Mass-transfer-limited nitrogen and phosphorus uptake by stream periphyton: A conceptual model and experimental evidence
Limnol. Oceanogr., 49(6), 2004, 1992-2000 | DOI: 10.4319/lo.2004.49.6.1992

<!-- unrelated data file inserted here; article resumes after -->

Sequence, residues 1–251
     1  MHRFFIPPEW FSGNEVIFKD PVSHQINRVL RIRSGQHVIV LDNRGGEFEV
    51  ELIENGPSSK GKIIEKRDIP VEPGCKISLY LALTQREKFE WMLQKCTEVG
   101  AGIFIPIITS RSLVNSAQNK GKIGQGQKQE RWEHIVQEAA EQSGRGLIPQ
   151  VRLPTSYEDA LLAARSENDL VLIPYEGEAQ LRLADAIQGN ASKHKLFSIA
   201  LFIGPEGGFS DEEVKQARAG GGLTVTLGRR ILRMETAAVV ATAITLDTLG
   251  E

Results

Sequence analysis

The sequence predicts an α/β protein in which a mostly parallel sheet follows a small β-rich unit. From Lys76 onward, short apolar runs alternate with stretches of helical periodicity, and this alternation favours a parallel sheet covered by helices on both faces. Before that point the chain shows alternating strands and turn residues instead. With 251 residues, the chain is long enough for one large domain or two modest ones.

ABSTRACT: We conducted flow-tank experiments to examine nitrate (NO3) and dissolved reactive phosphorus (DRP) uptake by stream periphyton over a wide range of near-bed velocities and turbulence levels. Our aims were to characterize the hydraulic conditions under which nutrient uptake is controlled by mass transfer through diffusive boundary layers (DBLs) or by membrane kinetics and to identify factors that affect mass-transfer rates. Nutrient uptake was mass-transfer limited under all hydraulic conditions used; there was no indication of kinetic control. We developed a conceptual model describing mass-transfer-limited uptake in terms of periphyton canopy height relative to DBL thickness. Three uptake regimes comprise the model: (1) when the canopy is submerged within the DBL covering the substratum, uptake is controlled by the thickness of this DBL; (2) when canopy height is greater than but comparable with the substratum DBL thickness, uptake is controlled jointly by the substratum DBL and by individual DBLs surrounding the periphyton elements that protrude above the substratum DBL; and (3) when the substratum DBL is very thin and most of the canopy protrudes above it, uptake is controlled by the DBLs surrounding periphyton elements. Patterns of NO3 and DRP uptake in the experiments were consistent with the third regime. Periphyton extended well above the substratum DBL even at the slowest near-bed velocities (~1 cm s-1). We suggest that, in oligotrophic streams, the second and third uptake regimes prevail, DBLs around periphyton elements pose greater diffusive resistance to nutrient transport than the substratum DBL, and nutrient uptake is generally mass-transfer controlled and rarely kinetically controlled.